Tuesday, August 08, 2006

CRKT Hawk K-AT

My latest knife acquisition is another CRKT- this time a Hawk K-AT (Knife-All Terrain). To start with it's a dainty little thing- the blade is two and a half inches long but the overall length is only six and a quarter inches; the handle barely fills the palm of my hand. To add to its diminutive size is its light weight, it really is barely noticeable. I'd be very interested in seeing a full size version of this knife- perhaps with a five inch blade.

The most outstanding feature of the K-AT is the wrist lanyard which is stowed by wrapping it up through the cut-out at the base of the blade and then hooking it over a stud at the end of the hilt. It not only give the knife a very distinctive look but means that if it is being used out of doors there's little chance of losing it- a real possibility with this little knife.

The bead blasted blade is flat on one side with just a single grind. I'm sure that there's a name for this but I'm not that much of a knife geek [yet]. Out of the box it's very sharp indeed. I selected the partially serrated blade preferring to have the extra cutting power of the serrated section on a blade this short. The full length tang is knurled top and bottom at the base of the blade to provide a bit of extra hold and the urethane scales seem very grippable- feels like they won't slip in the wet. The handle shape and knurling seems to fit my hand very well- even though it's short, it's still possible to get a very good grip on it if you need to exert some real pressure.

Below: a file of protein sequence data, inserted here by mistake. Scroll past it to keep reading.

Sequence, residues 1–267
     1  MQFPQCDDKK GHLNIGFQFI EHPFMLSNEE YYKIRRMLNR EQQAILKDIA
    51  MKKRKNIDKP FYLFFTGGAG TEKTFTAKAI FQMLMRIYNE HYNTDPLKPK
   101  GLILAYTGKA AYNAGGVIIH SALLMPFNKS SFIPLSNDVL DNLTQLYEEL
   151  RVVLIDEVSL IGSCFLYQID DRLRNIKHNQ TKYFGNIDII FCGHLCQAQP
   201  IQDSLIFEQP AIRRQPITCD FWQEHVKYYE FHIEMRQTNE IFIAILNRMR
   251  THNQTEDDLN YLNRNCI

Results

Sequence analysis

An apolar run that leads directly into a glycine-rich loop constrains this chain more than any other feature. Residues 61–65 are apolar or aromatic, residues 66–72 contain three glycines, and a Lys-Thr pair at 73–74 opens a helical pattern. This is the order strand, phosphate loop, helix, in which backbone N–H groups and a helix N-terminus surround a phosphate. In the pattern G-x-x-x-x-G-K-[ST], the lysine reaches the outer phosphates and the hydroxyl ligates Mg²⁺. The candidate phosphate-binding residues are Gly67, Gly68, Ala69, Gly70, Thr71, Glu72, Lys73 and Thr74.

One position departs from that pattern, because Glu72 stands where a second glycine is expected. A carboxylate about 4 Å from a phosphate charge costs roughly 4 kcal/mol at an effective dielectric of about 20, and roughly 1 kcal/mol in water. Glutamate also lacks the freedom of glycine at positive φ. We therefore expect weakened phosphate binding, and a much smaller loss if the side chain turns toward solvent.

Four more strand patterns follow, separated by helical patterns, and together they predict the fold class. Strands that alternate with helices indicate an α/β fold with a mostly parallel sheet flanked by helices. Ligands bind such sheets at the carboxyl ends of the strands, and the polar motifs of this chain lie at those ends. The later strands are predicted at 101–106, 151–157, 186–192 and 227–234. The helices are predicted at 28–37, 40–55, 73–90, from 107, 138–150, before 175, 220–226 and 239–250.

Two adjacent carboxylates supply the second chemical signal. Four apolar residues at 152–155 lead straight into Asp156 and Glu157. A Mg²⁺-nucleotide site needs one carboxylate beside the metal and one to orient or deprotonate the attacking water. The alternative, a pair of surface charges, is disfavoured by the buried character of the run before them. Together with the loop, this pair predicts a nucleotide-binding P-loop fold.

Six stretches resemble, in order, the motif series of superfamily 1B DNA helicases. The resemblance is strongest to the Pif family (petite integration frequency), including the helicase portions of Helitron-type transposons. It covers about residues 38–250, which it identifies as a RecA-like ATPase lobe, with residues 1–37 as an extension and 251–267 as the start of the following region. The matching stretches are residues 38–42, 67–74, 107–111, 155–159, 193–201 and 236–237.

Another feature of the K-AT is the sheath- so much so that the few friends of mine who have seen the K-AT look at the knife for a moment and then quickly enquire about it instead. It's a two part system- the sheath itself is urethane too with a hollow tube at the base so that the little knife can be carried around the neck (chain not included!). It's quite slim giving a low profile under clothing and the sheath holds the knife well- you have to press down in it with your thumb to release the blade. I'm confident enough in the design to carry the knife upside down like this and not have to worry about the knife falling out. The second part of the carry system is a belt clip which the sheath fits into snugly, held in place by a metal bar over which is hooked the line at the base. The belt clip is about one and three quarter inches wide so it should fit a fair variety of belt sizes. The actual belt loop is right at the top of the sheath meaning that the knife sits quite low on the belt, a feature that I'm fond of.

Like the Pesh-Kabz, the K-AT is not longer on CRKT's homepage- one of the reasons I purchased it now instead of another model. It's a very compact and handy fixed blade design. I'm not quite sure of what place the K-AT will earn on my kit just yet; its small size and weight would seem to suggest that it is ideal for carry on daytrips. And the affordable price means that it would also be a very handy item to keep stowed in a daysack for a "what if" situation. It's not a do-it-all knife by any means but it is certainly a useful piece of kit.

As my second CRKT knife, I have to say that I'm becoming a fan of the company; very interesting design and good quality finish. I'm hoping that time will prove that the build quality is good too. Given that their knives have a lifetime warranty I suspect that this will be the case.

1 comment:

Brittany Johnston said...

Hello, I am making a website for Grant and Gavin Hawk who designed this knife with CRKT and I need some pictures of it, would it be alright if I used your picture?